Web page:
Looking at the new heating season, DH and I were looking at two tasks.
1. Clean the wood stove chimney. It had been two years, so we felt it was time. Instead of hiring a chimney sweep ($150 a visit) we bought a chimney brush with rods ($165). DH climbed up (our house has only one storey), I fed him the brush and the rods, and the job was done in 15 minutes. Â We’ll add these tools to the Transition Wayland Tool Pool (chimney sweep not included).
2. All of last year, whenever the furnace would come on, the house would fill with an exhaust smell. Not enough to set off our carbon monoxide alarms, but unpleasant. We diagnosed the problem as a crack in the old chimney flue. We asked for an estimate and it came back at $1200 (materials and labor). But when the woodstove was installed and we had the other flue lined, it didn’t look like rocket science. So weÂ bought the metal liner, the connectors and the chimney top online and the high temperature caulk and silicone ($400 total ), and with the help of two friends installed it in an hour or so.
It was pretty warm out today, 50F, so both chimney flues were unused until around 6 pm. I even opened the windows wide. I emptied the rain barrels for storage, reattached the gutters, put the hoses away. I am eager t0Â clear the downed limbs from the garden beds so I can plant myÂ garlic.Â I’ve got 4 pounds of seed garlic and plan to put some in every bed to “sanitize” the soil. I need to fix the hoop house (only one tear from the fallen branch). And I want to get some horse manure from my neighbor and start spreading it all over. Also, I need to get me 5 bales of straw from Â the feed mill…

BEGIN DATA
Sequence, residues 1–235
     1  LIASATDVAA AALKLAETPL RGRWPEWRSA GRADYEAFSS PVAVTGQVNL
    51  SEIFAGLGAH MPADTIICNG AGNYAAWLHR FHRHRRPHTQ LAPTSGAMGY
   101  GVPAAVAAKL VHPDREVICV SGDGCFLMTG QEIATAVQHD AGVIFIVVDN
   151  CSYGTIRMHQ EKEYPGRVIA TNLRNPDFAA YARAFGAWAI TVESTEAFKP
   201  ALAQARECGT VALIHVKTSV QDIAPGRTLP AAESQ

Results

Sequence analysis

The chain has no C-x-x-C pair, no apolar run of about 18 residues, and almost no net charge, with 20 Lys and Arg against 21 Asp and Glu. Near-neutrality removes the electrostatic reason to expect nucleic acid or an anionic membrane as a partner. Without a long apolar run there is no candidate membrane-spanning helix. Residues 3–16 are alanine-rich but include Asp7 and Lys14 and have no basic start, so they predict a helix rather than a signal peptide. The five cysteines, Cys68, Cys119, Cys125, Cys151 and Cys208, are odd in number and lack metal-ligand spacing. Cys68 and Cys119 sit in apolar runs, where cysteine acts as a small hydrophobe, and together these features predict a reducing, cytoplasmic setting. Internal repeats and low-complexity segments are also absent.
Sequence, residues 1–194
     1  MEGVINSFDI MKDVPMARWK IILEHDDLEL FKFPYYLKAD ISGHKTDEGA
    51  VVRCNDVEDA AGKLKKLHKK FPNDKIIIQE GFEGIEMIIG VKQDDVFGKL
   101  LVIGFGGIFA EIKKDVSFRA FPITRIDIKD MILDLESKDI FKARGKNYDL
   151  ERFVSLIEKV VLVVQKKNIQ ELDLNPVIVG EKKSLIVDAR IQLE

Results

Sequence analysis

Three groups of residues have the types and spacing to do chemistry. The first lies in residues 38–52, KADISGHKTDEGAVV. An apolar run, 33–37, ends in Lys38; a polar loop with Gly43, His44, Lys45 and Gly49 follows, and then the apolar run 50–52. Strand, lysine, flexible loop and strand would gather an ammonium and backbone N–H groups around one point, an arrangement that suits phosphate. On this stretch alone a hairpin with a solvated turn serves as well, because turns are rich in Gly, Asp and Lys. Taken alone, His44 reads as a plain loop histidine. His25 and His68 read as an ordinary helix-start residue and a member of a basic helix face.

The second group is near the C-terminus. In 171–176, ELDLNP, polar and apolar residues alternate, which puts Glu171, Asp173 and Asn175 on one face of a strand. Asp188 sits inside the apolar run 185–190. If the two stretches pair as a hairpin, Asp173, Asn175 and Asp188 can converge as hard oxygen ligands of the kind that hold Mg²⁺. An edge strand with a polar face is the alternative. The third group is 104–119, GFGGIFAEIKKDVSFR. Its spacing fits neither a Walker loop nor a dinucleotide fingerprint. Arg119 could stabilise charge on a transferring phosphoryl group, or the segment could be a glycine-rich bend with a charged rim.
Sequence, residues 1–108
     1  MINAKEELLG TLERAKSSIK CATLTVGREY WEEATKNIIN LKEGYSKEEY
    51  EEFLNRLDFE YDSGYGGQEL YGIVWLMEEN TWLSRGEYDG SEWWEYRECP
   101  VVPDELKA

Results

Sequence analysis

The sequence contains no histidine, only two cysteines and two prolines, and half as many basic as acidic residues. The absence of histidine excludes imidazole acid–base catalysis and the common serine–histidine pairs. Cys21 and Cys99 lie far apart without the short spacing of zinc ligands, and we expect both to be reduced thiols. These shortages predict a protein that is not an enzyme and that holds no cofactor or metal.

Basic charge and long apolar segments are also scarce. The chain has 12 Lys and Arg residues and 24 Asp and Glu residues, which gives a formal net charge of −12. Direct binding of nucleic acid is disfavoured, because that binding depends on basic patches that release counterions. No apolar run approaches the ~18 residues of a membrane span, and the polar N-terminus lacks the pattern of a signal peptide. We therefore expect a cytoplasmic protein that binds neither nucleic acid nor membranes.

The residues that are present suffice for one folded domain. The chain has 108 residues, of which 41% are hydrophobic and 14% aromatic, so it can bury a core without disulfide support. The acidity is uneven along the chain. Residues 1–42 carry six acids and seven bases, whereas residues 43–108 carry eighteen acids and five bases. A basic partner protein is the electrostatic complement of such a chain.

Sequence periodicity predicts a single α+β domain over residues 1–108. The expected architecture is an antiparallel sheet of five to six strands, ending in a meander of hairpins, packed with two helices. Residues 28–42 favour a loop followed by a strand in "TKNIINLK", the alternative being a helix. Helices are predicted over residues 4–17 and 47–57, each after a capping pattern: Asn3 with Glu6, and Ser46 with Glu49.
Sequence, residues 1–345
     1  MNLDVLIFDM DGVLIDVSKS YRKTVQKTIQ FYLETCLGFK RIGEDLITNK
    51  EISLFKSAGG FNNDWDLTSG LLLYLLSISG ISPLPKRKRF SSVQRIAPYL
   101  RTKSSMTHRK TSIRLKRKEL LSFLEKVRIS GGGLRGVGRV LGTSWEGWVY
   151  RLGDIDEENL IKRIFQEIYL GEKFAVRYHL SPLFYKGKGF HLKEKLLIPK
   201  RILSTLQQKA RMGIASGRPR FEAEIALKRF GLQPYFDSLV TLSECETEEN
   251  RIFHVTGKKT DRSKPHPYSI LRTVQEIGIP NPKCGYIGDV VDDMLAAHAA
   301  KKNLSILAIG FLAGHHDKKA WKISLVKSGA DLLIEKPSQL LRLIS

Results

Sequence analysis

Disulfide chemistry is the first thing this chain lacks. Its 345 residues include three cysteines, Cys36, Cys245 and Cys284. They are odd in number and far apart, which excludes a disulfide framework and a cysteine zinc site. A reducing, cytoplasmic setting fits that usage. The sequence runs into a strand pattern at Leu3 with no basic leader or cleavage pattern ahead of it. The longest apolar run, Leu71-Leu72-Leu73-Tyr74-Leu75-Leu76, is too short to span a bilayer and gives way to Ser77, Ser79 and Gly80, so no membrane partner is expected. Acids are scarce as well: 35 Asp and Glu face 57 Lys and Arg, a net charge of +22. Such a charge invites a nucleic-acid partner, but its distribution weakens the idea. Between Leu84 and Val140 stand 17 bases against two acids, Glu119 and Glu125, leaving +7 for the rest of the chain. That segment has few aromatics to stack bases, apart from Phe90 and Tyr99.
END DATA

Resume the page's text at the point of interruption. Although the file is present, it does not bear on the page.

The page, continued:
All that will depend on Amie. HerÂ school is canceled a second day because the building still doesn’t have electricity, but she is ill, anyway, and will probably be home tomorrow as well.
Hi – glad your power is back on! In WMass, I only had about 12″ of snow, but was without power for just a few hours short of 5 days. Like you, I’m so thankful for my woodstove.
I’m wondering about this comment: “Iâ€™ve got 4 pounds of seed garlic and plan to put some in every bed to â€œsanitizeâ€ the soil.” Could you please elaborate about garlic sanitizing soil? I’m not familiar with this idea. Thanks!
Hi Michelle, I’m glad you too have your power back. I think we’re getting used to this now. Sounds eerie, but sometimes eerie is what we’ve got, and you roll with the punches!
Garlic is an antifungal and antibacterial not just for your body when you eat it, but for the soil you plant it in as well. And not just harmful fungi and bacteria. Just like it deters pests like mice and deer, it deters aphids and borers, codling moths, Japanese beetles, root maggots, snails, carrot root fly, whiteflies…
That’s the story on the street, anyway.
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